It is one of the three "pillars" of DPRK state security. The other two are the military and the Ministry of State Security.
One of their facilities, according to the 38 North Digital Atlas, is this complex on the western outskirts of Pyongyang. Its coordinates are 39° 3'10.50"N 125°40'14.21"E. Landsat/Copernicus imagery suggests this facility was built ca. 1989-1992 but the satellite resolution is low enough as to make a fully certain date range difficult.
In recent years, an underground complex has been constructed. Underground facilities (UGF) are not rare in North Korea, but this one consists of a "cut and cover" tunnel - not one that is excavated into a hill but where a trench is dug, the tunnel structure built, and then the site is covered over to hide it. Identifiable examples of cut and cover tunnels are indeed rare in the country.
The exact purpose of this tunnel/underground facility is a bit of a mystery, but considering its location, I feel that detailing its ongoing construction history is important.
General outline of the complex.
The two sections of the complex are joined by a tunnel that runs beneath the central hill dividing the site. The tunnel is approximately 188 meters in length.
The tunnel allows vehicles quick access to each side of the complex without having to go around the hill. The facility has undergone many changes over the years, but this tunnel has existed since at least 2000.
At the very rear of the complex is another underground site. Whether or not it is directly connected to the Ministry complex isn't known but its proximity is interesting.
A trench has existed at the left-side facility since at least the year 2000 and implies that plans for this new underground structure have been around for a long time.
The trench excavation runs about 205 meters long and averages 12 meters wide.
Little else changed at the site until 2013 when several temporary buildings were constructed near the trench, and minor work at the upper end of the trench can also be seen. (Clearer images of this work come from 2014.)
Image showing construction activity in November 2013.
By September 2014, the upper portion of the tunnel is taking shape and a new building had been constructed at the site they were leveling off in 2013.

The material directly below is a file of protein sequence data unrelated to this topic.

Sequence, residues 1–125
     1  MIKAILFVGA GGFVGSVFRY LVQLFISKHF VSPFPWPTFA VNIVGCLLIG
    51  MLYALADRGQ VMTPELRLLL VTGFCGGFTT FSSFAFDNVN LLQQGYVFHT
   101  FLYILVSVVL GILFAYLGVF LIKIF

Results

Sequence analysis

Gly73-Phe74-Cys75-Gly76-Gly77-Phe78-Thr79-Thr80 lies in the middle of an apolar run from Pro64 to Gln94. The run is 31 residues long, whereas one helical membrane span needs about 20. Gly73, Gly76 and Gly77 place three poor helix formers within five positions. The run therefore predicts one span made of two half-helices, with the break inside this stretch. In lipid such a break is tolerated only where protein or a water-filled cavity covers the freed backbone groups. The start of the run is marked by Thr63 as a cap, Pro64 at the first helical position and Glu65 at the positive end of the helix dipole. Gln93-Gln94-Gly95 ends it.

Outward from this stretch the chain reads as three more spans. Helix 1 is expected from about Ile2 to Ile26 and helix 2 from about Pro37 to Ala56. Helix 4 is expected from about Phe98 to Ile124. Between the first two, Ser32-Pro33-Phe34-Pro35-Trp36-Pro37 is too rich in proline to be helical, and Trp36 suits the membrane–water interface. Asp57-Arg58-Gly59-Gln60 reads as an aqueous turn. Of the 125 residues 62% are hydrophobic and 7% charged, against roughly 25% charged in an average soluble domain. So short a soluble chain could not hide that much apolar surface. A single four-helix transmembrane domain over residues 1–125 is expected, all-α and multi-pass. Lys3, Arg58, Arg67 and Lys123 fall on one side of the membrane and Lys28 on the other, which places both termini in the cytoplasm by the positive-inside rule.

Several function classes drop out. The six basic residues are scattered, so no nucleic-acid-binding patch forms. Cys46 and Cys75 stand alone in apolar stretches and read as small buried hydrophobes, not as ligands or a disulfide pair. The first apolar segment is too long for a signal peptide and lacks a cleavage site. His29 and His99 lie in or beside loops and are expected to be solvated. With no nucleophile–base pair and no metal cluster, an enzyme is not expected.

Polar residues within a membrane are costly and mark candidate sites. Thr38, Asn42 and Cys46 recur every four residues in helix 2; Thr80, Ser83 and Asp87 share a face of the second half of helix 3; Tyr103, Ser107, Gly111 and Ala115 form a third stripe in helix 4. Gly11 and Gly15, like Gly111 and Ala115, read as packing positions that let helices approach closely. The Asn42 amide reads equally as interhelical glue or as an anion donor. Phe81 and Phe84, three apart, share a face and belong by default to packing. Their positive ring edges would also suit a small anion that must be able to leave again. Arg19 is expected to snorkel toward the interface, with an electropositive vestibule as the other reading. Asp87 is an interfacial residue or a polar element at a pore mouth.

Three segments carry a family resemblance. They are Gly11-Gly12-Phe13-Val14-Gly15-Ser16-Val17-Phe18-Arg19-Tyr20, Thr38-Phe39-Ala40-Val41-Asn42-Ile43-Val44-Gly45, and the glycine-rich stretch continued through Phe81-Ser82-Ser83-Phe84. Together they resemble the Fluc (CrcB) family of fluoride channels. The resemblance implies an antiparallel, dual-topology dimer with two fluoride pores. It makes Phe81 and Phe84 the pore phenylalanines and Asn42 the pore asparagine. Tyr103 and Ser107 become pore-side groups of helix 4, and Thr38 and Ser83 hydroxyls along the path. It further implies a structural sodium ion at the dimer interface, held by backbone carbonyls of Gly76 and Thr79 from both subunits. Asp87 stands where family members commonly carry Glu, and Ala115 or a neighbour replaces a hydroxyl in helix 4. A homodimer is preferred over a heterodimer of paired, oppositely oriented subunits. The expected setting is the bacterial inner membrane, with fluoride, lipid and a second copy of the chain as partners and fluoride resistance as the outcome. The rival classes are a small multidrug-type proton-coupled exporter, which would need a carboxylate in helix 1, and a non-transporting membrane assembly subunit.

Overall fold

In 2014 other changes become visible including the addition of multiple permanent buildings (some were still under construction at this time).
By this time, it's clear that a tunnel had been excavated, the sides of the trench had been shored up, and the debris pile shows activity. It isn't known if this tunnel goes into the central hill or connects to the road tunnel between the two sections, but if you draw a straight line following the new walls of the trench, it does intersect with the existing road tunnel.
This at least theoretically gives the possibility that the entire central hill is actually a large underground facility that now has three points of access: the original road tunnel, the new tunnel under construction, and the older rear UGF. This part is merely speculation but the possibility of a large hidden facility is very interesting, as we know that numerous underground facilities exist in North Korea including some that are used in training security forces to hide their clandestine activities.
By April 2017, a concrete structure (or "box") can be seen inside the trench. At this stage, it is approximately 40 meters long and 5-6 meters wide. Additional work around the area to prepare for more construction has also taken place.
On the image dated October 26, 2017, it becomes clear that the concrete section from April was just one small part of a larger concrete tunnel structure that is now 155 meters long and about 10 meters wide.
This type of structure is similar to long military "drive thru" bunkers that exist throughout the country (at least 400 exist at last count). One such example is this bunker, also in Pyongyang, that is similarly divided into two segments and is 10-12 meters wide. It is approximately 190 meters long. These structures are typically used to house and protect various vehicles.
However, these other drive thru bunkers are usually seen as part of military bases and never as part of building construction, making this Ministry structure unique as far as I am aware.
By April 2018, the tunnel had been covered and the area leveled off. The foundation of a new building had also been dug at the north end of the site.
Fast forward to the end of 2019 and the new building has been completed and an entrance site to the tunnel was nearing completion (final touches, landscaping, etc.) By November, another foundation can be seen. The new foundation is in the middle of the construction site and sits on top of the tunnel.
Based on the most recent Google Earth image, there is vehicle traffic going in and out of the tunnel. The square foundation has also had some additional work.
On the above March 13, 2020 image, you can see a driveway leading into the new foundation. The angle doesn't allow for this to be a second entrance into the main tunnel. The whole area has been raised above the tunnel, however, allowing for a low/shallow basement to exist at the new building site. This most likely where the driveway is going.
More recent satellite imagery (that I am not free to share publicly) shows that construction at the site is slow but ongoing. Unfortunately, it doesn't provide further clues to the site's purpose.
While not associated with this site at the Security Ministry, there is another underground construction that likewise began in 2017 and consists of a main tunnel structure. Its coordinates are 39°11'38.26"N 125°45'14.04"E, or 1.8 km north of the Kim Jong Il People's Security University in northern Pyongyang. The tunnel entrance is 12-13 meters wide and it has no apparent exit point.
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--Jacob Bogle 7/11/2020